Ralph Mupita, Group CEO of international operator MTN Group, has confirmed what many commentators had surmised: that MTN won’t enter Ethiopia and that it now plans to exit Syria.
MTN will not submit a bid for the soon-to-be-reauctioned second operator licence in Ethiopia, despite the news that it will now include the right to operate mobile financial services. Bidding was scheduled to open this month.
There had been speculation that the ongoing war in the north of the country had been a factor. However, Reuters says that Mupita told reporters it would be difficult for MTN to enter the market as a number three operator, which “always battles to make the returns work”. He added that repatriating cash out of the country would be challenging.
He was even more blunt about why MTN was leaving Syria after 15 years. Although MTN had already planned to exit the Middle East in the medium term, it seems that regulatory actions and licence payment demands had now made it “intolerable” to operate in Syria.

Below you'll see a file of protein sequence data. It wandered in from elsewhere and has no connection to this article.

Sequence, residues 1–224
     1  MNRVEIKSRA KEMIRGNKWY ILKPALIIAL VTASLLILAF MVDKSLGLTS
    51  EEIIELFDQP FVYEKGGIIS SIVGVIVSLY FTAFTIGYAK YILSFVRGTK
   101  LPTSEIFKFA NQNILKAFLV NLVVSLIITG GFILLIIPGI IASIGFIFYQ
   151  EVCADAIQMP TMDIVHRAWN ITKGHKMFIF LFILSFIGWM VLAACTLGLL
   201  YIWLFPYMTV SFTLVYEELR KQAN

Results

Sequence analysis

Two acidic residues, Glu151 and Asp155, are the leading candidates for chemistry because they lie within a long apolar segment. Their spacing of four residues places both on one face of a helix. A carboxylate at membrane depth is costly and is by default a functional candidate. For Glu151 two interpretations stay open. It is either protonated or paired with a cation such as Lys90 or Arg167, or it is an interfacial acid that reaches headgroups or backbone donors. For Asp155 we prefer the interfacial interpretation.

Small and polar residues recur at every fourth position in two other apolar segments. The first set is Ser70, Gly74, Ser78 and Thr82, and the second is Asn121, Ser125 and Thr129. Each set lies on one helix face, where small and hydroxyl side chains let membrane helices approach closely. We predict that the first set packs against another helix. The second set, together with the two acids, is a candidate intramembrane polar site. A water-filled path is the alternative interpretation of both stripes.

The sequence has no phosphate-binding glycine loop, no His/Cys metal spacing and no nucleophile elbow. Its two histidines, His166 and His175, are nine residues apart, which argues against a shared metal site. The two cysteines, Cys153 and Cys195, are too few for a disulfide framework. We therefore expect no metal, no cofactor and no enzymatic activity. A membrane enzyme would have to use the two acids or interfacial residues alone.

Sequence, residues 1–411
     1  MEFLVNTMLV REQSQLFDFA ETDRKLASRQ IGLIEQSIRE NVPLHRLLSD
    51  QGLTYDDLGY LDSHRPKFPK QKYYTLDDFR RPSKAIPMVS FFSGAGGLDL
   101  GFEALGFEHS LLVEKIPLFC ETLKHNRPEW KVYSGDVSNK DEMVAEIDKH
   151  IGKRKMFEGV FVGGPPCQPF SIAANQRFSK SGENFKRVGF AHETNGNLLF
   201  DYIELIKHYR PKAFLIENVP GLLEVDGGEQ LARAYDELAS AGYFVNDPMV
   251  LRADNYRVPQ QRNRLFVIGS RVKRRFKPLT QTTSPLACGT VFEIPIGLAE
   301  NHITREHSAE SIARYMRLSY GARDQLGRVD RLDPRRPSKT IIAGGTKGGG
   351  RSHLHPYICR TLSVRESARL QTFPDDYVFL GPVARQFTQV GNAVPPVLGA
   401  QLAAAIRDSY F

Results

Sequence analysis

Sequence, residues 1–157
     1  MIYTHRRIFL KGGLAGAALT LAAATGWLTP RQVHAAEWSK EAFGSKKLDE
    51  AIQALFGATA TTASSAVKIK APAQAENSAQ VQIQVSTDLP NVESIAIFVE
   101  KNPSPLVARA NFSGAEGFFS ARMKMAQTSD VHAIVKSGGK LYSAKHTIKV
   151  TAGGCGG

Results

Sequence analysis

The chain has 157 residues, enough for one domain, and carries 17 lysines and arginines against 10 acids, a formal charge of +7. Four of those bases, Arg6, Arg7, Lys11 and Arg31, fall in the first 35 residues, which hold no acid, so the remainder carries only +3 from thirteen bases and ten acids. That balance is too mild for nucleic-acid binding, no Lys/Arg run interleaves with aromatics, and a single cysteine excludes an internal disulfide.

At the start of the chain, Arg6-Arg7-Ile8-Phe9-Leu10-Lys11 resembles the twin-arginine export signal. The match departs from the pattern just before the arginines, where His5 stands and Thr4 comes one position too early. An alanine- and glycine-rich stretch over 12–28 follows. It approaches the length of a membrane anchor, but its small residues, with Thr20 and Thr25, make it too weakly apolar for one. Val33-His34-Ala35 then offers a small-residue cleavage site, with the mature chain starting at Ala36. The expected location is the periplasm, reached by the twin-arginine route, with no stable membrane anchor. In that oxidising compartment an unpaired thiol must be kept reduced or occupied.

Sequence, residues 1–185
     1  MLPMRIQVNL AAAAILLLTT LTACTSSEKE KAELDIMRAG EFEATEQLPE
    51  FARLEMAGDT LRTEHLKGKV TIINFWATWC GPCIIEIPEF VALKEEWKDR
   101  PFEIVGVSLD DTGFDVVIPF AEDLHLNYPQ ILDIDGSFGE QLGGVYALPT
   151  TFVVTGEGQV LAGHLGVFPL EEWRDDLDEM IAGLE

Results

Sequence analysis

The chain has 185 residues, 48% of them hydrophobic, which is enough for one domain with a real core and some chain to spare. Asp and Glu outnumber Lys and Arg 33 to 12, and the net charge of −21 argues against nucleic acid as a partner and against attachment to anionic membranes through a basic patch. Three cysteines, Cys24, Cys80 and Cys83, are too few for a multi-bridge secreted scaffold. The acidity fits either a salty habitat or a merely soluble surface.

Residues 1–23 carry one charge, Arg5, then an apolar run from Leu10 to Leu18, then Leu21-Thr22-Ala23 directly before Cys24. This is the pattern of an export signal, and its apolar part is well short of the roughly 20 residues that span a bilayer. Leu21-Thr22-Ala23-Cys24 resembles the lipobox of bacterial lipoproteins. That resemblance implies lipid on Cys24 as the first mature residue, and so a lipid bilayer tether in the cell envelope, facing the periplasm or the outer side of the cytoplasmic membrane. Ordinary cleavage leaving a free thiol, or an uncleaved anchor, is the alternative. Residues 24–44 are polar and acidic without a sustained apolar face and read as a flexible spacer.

As we reported at the time, MTN Syria was placed under guardianship by a court in Damascus in March over allegations that MTN had violated the terms of its licensing contract – allegations that the telecommunications giant has denied. A Syrian demand for some $40 million seems to have encouraged MTN to abandon the operation sooner rather than later.
There had been plans for minority shareholder TeleInvest, which focuses on and invests in telecommunications companies worldwide, to buy MTN Group's 75 percent stake in MTN Syria, but these appear to have been held up due to TeleInvest failing to meet some of MTN’s compliance processes.
MTN says that, given the fact that it has no choice but to leave Syria, it reserve its rights to seek redress through international legal processes.